Anchorage, Alaska (PRWEB) October 04, 2012
Dr. Lynne Curry, Ph.D., SPHR (CEO of The Growth Company) has held numerous mediations between business partners over the last 30 years. “By the time they reach me or an attorney, it’s often too late” says Dr. Curry. Today Dr. Curry reaches out to future business partners, attempting to prevent future chaos.
Dr. Curry says that it typically starts out like this…the two partners start out as friends, one saying to the other, “With your marketing and financial expertise and my ability to craft products, we could both make a lot of money.”
“You’re right!” says the other. “I can market what you produce and handle the business finances, freeing your time for doing what you do best. Let’s go for it!”
Excited, they form a partnership, planning to work together and retire comfortably rich in a dozen years. Because they trust each other, feel they’ll each work hard, and believe their talents complement each other, they split ownership of their business 50/50. They vow they’ll make all major decisions by mutual consent.
Two years later, they despise each other. The trouble starts when partner one starts to feel he’s “carrying” partner two. He complains, “I work longer hours, it’s not fair to split the profits 50/50.”
Now, the partnership “made in heaven” officially descends to hell. The partners show up at my doorstep for mediation. Both have attorneys. Each plans to sue the other if mediation fails. While they fight, their business disintegrates.
Dr. Curry advises if a person contemplates forming a partnership and wants it to last, prevent the fate that awaits eight out of ten partnerships. “Anticipate the conflicts before they arise and clarity each of your agreements while you trust each other.” She goes on to say that partners will want to decide, in advance how they’ll handle the financial and legal issues should one partner chose to leave the business, die, or become incapacitated. They’ll benefit if they decide ahead of time on the duties and division of profits for each partner; how they’ll handle personnel and financial management, marketing and operational areas, and what is expected of the other in terms of a “normal” work week, vacations and time off.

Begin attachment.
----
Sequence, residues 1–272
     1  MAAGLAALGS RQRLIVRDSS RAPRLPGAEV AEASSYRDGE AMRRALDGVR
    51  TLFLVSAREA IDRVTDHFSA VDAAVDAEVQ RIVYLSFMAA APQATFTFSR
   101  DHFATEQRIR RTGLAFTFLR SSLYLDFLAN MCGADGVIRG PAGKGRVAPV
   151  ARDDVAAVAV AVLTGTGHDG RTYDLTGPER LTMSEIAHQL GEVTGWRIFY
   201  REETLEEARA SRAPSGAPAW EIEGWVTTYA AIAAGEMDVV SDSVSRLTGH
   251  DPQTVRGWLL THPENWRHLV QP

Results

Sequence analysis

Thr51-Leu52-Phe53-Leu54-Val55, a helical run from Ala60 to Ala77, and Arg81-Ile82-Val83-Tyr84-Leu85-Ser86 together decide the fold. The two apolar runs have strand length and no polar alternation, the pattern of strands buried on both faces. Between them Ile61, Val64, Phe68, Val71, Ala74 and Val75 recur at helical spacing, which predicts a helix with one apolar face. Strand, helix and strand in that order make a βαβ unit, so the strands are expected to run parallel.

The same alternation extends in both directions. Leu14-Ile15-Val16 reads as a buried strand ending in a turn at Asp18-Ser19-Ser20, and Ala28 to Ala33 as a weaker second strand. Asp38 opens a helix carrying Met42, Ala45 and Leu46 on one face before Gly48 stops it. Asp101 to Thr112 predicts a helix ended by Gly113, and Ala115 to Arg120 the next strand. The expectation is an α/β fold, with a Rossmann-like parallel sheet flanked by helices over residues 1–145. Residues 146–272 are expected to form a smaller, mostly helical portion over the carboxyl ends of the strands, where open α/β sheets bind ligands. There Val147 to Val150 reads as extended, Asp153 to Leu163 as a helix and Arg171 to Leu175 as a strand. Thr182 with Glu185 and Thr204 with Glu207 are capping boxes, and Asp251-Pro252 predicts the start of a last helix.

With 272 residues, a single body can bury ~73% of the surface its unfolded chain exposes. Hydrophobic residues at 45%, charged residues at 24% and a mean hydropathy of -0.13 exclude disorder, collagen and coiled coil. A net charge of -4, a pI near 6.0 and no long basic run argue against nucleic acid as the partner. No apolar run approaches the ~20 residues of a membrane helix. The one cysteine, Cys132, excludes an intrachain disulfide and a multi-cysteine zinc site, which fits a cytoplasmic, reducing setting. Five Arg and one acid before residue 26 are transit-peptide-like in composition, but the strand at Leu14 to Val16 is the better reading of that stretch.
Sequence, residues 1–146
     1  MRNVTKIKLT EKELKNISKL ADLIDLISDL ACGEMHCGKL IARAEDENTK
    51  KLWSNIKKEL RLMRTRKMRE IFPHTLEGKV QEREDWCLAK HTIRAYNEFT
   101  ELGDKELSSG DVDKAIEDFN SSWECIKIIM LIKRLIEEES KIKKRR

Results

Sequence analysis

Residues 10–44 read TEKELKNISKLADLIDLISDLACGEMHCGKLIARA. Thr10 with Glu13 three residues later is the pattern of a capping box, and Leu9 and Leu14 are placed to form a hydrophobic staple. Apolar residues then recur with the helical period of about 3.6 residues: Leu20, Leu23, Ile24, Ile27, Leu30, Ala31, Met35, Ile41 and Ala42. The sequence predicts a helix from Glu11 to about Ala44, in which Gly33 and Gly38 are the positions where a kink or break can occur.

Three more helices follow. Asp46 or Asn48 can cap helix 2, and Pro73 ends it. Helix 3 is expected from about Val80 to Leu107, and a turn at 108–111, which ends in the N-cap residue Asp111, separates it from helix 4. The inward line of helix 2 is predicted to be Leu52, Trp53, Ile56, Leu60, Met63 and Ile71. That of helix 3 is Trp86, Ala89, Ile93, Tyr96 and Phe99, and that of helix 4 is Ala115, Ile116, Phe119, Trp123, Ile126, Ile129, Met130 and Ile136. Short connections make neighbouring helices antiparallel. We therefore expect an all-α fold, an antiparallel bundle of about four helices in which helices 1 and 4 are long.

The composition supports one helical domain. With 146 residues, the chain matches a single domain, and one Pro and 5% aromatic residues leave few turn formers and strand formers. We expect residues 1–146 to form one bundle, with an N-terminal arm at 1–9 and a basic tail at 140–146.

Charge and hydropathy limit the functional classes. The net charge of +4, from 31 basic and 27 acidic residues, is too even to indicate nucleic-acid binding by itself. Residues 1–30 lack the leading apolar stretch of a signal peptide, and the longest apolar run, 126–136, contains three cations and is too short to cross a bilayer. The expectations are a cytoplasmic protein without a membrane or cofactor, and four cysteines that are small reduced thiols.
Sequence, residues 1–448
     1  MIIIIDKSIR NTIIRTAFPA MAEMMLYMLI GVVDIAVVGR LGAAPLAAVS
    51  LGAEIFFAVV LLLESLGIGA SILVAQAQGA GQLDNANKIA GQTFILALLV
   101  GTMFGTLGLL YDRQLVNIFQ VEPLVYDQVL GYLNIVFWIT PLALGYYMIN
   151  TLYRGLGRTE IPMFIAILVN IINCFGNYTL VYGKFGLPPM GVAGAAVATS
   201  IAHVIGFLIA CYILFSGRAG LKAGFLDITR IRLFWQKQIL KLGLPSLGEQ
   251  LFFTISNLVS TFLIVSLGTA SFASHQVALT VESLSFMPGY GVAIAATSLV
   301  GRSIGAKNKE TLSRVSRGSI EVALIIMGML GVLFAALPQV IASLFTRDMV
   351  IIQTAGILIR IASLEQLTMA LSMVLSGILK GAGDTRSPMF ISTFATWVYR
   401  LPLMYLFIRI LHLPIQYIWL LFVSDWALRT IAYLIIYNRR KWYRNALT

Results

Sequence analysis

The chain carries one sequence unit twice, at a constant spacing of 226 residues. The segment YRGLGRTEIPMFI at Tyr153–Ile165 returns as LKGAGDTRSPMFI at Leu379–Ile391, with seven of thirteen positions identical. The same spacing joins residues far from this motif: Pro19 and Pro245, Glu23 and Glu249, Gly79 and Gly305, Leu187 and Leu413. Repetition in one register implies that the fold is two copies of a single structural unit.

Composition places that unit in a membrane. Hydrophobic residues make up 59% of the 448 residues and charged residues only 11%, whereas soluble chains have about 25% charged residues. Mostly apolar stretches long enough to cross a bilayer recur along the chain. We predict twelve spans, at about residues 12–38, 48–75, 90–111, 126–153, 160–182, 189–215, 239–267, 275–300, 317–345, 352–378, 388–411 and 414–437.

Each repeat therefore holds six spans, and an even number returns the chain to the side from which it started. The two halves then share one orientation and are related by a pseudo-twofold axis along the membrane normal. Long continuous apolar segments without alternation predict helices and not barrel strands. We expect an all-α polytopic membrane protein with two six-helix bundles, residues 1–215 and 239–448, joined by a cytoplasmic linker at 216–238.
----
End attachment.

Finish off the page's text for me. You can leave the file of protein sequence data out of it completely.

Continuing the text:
Dr. Curry explains sometimes, one or both partners balk at discussing these topics. They feel they can “work things out” should problems arise. Just as many newly engaged couples shun separate bank accounts or prenuptial agreements “because that implies we’re not committed," some feel writing a future buy-sell agreement unnecessarily sows seeds of discord.
Dr. Curry stresses that effective partnerships begin when prospective partners anticipate and address how they’ll handle the bad as well as the good. Partners who can’t agree on how they'll handle conflicts before disagreements arise generally can’t deal with unexpected and nasty surprises that make them feel like going for each other’s throats.
Further, partnering without planning exposes both parties to major risk. For example, if partners sign a five year lease for expensive office space, what happens if the other partner skips town? Are partners aware that without a specific agreement, they may wind up in business with their partner’s spouse if their partner dies?
Or, possibly worse, what happens if relations sour yet the partner refuses to leave? Consider the case of Londin v. Carro Spanbock, in which one partner broke off from the firm. Although this partner left the partnership, he continued to use the same office space as he’d used as a partner. This partner was a “tenant in partnership” and could remain in the office as long as he contributed his share of actual costs.
Contemplating a partnership? According to Dr. Curry if someone wants to avoid regrets and like their new partner three years down the road, start by discussing how they each want the partnership to work – so they won’t feel surprised or disappointed later.